• The individual with symptoms could be suffering another, resolvable issue, like a reaction to medication, a vitamin deficiency or an infection.

  • Even if they do have Alzheimer’s, detecting it early allows for treatment with medications that may allow her prolonged independence.

  • Delay often prevents the individual from making his or her wishes about their future treatment known, placing the burden on the family. It can rid her of the chance to make imperative financial and legal plans, like protecting her assets and designating someone to make decisions for her when she no longer can.

  • People with dementia are more vulnerable to scams, and their poor judgment can leave them financially barren.

“Elderly men are the worst . . . for getting the wool pulled over their eyes,” particularly with investment scams and schemes, McClanahan said. Women are also women.

Certainly people make bad financial decisions without the influence of dementia, but it’s something to watch for. The ability to make good financial choices tends to climax in our late 40s and early 50s, sliding downhill from there, according to research by Federal Reserve economist Sumit Agarwal.

(Related: Losing Money On Bonds and Interest Rate Risk)

The occasional financial mistake may not indicate a problem, but when they become frequent or severe in consequence, it may be a sign of dementia. The Alzheimer’s Association offers some tips for discerning the difference between normal age-related memory issues and incipient dementia:

  • Forgetting a word now and then is a normal part of aging. What’s not: using made-up names, such as calling a watch a “hand clock,” or having difficulty carrying on a conversation. Kelley Mercurio of Washington, Pa., said one sign of her grandfather’s early Alzheimer’s was that he got quiet. Avoiding conversation is one way people may try to disguise their inability to keep up.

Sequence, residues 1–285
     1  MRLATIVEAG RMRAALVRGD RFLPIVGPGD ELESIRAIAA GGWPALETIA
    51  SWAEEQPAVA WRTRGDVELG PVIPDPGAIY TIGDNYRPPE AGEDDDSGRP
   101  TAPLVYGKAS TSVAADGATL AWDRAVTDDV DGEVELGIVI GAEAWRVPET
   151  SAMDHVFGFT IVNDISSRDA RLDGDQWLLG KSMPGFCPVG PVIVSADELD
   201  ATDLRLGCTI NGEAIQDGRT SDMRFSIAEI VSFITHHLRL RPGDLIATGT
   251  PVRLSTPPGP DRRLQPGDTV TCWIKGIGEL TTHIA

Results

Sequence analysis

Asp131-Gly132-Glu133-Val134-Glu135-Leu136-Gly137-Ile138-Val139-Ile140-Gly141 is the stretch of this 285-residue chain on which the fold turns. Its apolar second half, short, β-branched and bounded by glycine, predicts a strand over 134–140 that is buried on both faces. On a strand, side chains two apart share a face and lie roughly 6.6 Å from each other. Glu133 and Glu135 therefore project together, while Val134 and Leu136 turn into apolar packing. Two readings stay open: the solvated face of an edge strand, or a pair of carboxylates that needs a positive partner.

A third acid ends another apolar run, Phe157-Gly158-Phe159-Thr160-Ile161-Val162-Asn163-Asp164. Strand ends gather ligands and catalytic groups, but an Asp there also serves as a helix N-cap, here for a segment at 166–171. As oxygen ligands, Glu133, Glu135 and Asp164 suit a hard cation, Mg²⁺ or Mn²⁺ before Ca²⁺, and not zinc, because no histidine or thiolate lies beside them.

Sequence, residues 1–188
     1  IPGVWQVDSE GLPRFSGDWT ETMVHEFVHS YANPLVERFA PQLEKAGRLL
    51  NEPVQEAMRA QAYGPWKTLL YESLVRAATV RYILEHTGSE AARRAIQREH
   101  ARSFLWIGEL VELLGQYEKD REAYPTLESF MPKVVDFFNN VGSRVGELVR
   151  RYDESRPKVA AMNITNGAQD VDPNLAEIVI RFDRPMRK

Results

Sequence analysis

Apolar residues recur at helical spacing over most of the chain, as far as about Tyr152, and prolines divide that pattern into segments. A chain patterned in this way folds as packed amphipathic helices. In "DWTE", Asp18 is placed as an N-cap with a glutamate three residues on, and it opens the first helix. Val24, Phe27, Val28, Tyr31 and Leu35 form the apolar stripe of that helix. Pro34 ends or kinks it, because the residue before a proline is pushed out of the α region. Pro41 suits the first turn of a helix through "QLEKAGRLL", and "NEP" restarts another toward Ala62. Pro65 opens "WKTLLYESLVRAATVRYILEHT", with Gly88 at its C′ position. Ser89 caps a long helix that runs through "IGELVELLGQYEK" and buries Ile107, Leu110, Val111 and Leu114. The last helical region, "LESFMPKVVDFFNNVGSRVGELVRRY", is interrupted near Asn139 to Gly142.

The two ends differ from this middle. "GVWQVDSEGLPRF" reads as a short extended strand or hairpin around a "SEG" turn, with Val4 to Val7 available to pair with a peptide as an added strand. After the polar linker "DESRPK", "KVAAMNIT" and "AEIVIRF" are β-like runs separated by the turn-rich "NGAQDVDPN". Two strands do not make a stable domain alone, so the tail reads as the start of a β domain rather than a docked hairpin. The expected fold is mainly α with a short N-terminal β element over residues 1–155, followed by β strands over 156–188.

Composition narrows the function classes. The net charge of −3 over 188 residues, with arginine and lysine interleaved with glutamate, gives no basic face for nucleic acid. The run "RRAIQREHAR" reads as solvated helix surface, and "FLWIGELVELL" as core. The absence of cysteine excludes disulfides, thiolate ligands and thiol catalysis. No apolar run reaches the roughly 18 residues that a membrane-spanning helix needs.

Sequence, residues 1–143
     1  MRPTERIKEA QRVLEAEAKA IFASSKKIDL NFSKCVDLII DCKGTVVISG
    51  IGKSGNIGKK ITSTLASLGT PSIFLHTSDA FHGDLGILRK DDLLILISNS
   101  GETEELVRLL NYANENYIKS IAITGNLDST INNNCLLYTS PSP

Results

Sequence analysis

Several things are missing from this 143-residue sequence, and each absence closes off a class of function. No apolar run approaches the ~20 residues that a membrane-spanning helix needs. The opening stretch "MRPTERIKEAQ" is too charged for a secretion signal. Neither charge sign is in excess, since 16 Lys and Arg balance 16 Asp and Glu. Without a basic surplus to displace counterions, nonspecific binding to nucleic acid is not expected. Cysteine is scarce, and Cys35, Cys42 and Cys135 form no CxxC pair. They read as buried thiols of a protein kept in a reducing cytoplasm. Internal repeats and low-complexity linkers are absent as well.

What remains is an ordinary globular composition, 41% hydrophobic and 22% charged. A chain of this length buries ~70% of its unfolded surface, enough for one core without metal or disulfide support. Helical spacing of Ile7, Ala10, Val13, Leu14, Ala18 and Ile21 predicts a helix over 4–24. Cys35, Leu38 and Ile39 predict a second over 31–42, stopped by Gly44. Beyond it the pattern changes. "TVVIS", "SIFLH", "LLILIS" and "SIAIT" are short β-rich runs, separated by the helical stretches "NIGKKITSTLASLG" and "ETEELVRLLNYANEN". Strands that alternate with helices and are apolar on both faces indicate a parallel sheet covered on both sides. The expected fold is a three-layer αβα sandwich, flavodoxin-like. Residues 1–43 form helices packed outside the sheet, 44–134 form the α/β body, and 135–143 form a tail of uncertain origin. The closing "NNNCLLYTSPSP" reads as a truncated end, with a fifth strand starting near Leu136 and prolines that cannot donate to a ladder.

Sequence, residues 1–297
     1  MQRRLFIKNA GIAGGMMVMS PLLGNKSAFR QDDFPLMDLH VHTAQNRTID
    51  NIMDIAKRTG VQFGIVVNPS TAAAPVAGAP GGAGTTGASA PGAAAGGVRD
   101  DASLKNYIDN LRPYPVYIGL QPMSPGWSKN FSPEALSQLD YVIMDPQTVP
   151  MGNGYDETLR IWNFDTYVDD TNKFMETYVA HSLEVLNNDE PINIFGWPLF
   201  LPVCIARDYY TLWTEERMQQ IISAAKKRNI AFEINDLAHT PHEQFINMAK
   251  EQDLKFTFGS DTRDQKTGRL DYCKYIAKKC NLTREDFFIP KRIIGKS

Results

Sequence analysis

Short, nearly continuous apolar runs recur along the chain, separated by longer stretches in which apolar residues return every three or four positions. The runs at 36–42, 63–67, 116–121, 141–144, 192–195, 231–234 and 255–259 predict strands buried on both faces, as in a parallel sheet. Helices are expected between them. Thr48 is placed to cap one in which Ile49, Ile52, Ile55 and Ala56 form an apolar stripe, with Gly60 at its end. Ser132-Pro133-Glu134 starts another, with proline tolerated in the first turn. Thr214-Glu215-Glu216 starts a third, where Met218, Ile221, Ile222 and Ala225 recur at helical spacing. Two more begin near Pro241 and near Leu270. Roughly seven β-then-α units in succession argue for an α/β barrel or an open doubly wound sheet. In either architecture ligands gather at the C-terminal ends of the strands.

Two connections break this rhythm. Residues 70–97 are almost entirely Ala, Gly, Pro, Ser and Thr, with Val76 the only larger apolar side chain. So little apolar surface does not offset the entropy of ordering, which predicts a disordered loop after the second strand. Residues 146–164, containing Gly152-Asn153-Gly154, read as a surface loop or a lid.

• Getting confused about the day of the week? That can be normal aging, if the person figures it out later. Likewise, misplacing things isn’t a cause of concern if the person eventually can retrace her steps to find what she’s lost. But if she can’t figure out where she mislaid her keys or what day or season it is, there may be a problem.

  • Becoming more set in our ways can be a typical part of aging, and we may get irritated if our routines are disrupted. Big personality or mood changes, however, usually aren’t normal. If someone becomes anxious, easily upset, defensive or suspicious when he didn’t used to be, dementia may be the cause.

“The more angry they get, the more worried you should be,” said Amy Florian, CEO of Corgenius, a Chicago-area company that trains advisers and other professionals how to help clients deal with transition and loss. ” People often resort to anger to cover their emotion for fear and embarrassment. Anger is often a cover emotion for fear and embarrassment. If the family member is wondering about themselves, that can come out as anger.”

One strategy to dismantle their anger and get them to agree to make a visit to the doctor is to mention all of the non-dementia causes of memory problems.

“You might say, ‘Mom, it might be nothing. Maybe you need a shot of vitamin B12 and it will all go away,’” Florian said. “‘You don’t want your friends to accuse you of having dementia and you don’t.’”

(Related: ESOP’s and Retiring Baby Boomers)

Even if the diagnosis is dementia, there still may be time to prepare for what’s to come. Some tasks that need to be done include:

  • Drafting powers of attorney and other documents for dealing with incapacity.

  • Creating wills and other estate plans.

  • Discussing what kinds of care she does and doesn’t want. The Five Wishes document and the POLST.org site may be helpful.

  • Figuring out how to pay for care. A financial planner and an elder-law attorney may be helpful.

  • Finding all the paperwork like life insurance or military service records, while she still remembers where it is.

It may be helpful to record family stories and personal reminiscences, Florian said. Short-term memories go first, so ask mom about recent vacations and family events, then work back to earlier memories. If you can’t record a video then write them down.

This will allow you to grow closer with your loved one while helping them prepare for difficult reality.

“People learn things about their parents that they never knew,” Florian said. “It’s comforting to the patient when they can talk about their memories with someone.”

Read more: http://money.msn.com/retirement/how-to-tell-if-mom-is-losing-it-1

Christopher J. Berry is a Michigan elder law attorney Dedicated to helping seniors, veterans and their families navigate the long-term care maze. To learn more visithttp://www.theeldercarefirm.com/ or call 248.481.4000